The majority of Arctic char on the market is raised in closed, land-based aquaculture systems that pose little risk to wild species and don’t pollute surrounding waterways. Char can be adapted to any recipes giving a shout-out to salmon.
Well-endowed in omega-3 fats (along with selenium, vitamin D, vitamin B12—among others), consider this traditional Inuit protein staple as a means to avoid summer salmon burnout. Consuming large quantities of fish loaded with omega-3 fatty acids may explain low levels of heart disease in Japan, according to a study in the Journal of the American College of Cardiology.
Combining the sweetness of trout and the richness of salmon, char is mild tasting for those not crazy about salmon’s fishy taste. Rainbow trout is another sustainable omega-3 powerhouse that can be used in lieu of arctic char. Recipe can be halved.
1 1/2 lb (750 g) Arctic char filets
1/2 tsp (2 mL) cumin powder
Salt and pepper to taste
2 cups (500 mL) sliced strawberries
1 jalapeno pepper, seeded and minced
1 in (2.5 cm) slice fresh ginger, grated
1/3 cup (80 mL) cilantro, chopped
Juice of 1 lime
1 tsp (5 mL) honey
1 lb (450 g) green beans
1/2 cup (125 mL) slivered almonds
Juice of 1/2 lemon
1/4 tsp (1 mL) kosher or sea salt
1/4 tsp (1 mL) black pepper
Rinse Arctic char and pat dry with paper towel. Season with cumin powder, salt, and pepper; set aside.
To make salsa, combine strawberries, jalapeno ginger, cilantro, lime juice, and honey in bowl; set aside.
Trim ends off beans and slice in half. Steam beans until slightly tender but still crisp, about 5 minutes. As beans steam, heat skillet over medium-high heat. Without any oil, add almonds and toast until they brown, stirring frequently.
In bowl, combine green beans, toasted almonds, lemon juice, salt, and pepper; set aside.
Add char to skillet, skin side down, and cook over medium heat for 5 minutes. Flip and cook for an additional 3 minutes or until opaque throughout. Serve topped with strawberry salsa and with green beans.
Each serving contains: 456 calories; 42 g protein; 19 g total fat (7 g sat. fat, 0g trans fat); 20 g carbohydrates; 7 g fibre; 286 mg sodium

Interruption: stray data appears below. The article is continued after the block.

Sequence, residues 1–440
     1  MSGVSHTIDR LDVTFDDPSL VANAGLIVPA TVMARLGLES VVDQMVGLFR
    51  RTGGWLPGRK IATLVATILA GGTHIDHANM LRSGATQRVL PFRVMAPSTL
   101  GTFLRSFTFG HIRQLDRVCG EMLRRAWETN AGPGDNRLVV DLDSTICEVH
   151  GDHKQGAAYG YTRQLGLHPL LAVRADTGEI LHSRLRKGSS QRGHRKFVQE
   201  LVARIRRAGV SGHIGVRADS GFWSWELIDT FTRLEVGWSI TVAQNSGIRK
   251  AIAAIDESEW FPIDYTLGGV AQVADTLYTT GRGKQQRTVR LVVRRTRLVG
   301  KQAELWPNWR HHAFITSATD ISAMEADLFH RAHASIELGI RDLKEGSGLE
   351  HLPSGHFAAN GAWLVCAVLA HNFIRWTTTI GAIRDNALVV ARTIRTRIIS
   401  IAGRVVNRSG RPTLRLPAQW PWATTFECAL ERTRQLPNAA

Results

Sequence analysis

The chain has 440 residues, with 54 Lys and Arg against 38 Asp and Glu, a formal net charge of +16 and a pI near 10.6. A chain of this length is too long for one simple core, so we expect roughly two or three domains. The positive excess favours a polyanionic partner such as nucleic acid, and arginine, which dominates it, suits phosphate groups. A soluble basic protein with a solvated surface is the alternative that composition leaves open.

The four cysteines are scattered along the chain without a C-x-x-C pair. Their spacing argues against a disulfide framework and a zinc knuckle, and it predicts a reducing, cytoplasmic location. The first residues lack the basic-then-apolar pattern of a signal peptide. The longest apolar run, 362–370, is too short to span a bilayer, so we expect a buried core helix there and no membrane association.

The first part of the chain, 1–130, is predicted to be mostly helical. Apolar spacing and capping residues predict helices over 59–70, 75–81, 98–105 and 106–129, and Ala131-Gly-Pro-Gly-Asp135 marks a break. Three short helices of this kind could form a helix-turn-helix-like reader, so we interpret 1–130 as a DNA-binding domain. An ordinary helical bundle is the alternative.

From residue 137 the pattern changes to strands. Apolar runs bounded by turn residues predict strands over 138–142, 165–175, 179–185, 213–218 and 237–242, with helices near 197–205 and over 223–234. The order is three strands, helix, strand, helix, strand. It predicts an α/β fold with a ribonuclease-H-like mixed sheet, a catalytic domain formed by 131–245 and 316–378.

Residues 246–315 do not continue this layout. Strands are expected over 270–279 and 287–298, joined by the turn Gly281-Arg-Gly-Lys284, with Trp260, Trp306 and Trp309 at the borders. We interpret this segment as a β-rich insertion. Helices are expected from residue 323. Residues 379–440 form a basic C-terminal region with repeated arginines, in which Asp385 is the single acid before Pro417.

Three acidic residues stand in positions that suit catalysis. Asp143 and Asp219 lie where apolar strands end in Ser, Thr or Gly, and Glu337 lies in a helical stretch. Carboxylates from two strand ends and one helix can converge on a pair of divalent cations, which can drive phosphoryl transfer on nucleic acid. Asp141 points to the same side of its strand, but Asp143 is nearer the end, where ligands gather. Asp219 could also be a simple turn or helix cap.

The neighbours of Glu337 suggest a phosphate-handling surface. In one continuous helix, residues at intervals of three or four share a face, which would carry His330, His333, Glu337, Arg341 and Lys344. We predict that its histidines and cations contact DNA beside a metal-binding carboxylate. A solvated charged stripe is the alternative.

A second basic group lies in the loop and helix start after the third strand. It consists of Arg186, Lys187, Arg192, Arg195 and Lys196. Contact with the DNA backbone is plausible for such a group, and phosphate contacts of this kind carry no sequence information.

source: "Great Catch!", alive #332, June 2010
This Mexican-Mediterranean hybrid dish gleans its tempered kick from parched ancho chilies, the dried form of poblano peppers known for their smoky quality and sweet to moderate heat. It’s a fantastic saucy, and comforting, appetizer or meal on its own. Serve with crusty bread to sop up every last bit of the red sauce, or spoon over cooked grain. Chili choices Experiment with different dried Mexican chili peppers in your dishes. Instead of ancho, other options, each with different heat levels and flavour nuances, include pasilla, guajillo, or morita. Look for them in Latin markets and some supermarkets. For leftover lovers Because the flavours in this dish only deepen with resting time, it’s a definite candidate for serving as leftovers; simply reheat in the oven or microwave. Cheezy choices If possible, compare labels and look for lower-sodium feta options. A ball of fresh mozzarella or bocconcini are great alternatives, or try a block of medium-firm tofu and substitute agave syrup in place of the honey for a vegan-friendly dish.
A good option for both backyard barbecues and healthy snacking, this creamy dip benefits from a little spicy crunch, courtesy of quick-pickled peppers. If you want your dip to have a smoky edge, blend in a chipotle-flavoured salsa. Or forgo the salsa and, instead, blend in a couple tablespoons of tomato paste and a single canned chipotle chili pepper. Extras of the pickled peppers are an exciting topping for burgers, sandwiches, and tacos. TIP : When using prepared chili pepper products such as bottled salsas, examine the ingredient list for items you really don’t want or need, namely sugar and high amounts of sodium.
Treat yourself to a steak dinner, using tofu instead of meat. The tangy chili-spiked marinade does double-duty as a finishing sauce and transforms otherwise bland tofu into a dish that’ll sound your taste buds’ fire alarm. Bird’s eye pepper would be a good substitute for habanero if needed. Dousing the fire If you find yourself with a mouth on fire after taking a bite of a chili-infused dish, don’t try to douse it with water. Instead, reach for a glass of milk. The protein casein in dairy is known to help subdue the flame. Water won’t help nearly as much.
Ice cream cakes and/or cookies are everyone’s favourite. And here’s a great option for a delicious “Dad’s” cookie cake that’s gluten free! A simple-to-make cookie cake that’s made even easier when the dough is tossed together in a food processor. End a delicious Dad’s Day meal with this deliciously cool and creamy sweet dessert. Best beer? Extra yum when served with small glasses of chocolate-flavoured stout or porter. When Dad loves his cookies We made this delicious dessert into a cake, but it can easily be made into individual ice cream cookies. Roll out dough into 1/4 in (6 mm) thickness and cut into 2 in (5 cm) rounds. Bake, cool, and chill. Once chilled, spoon ice cream in between chilled cookies. Freeze until firm. Drizzle with melted chocolate or dip into melted chocolate.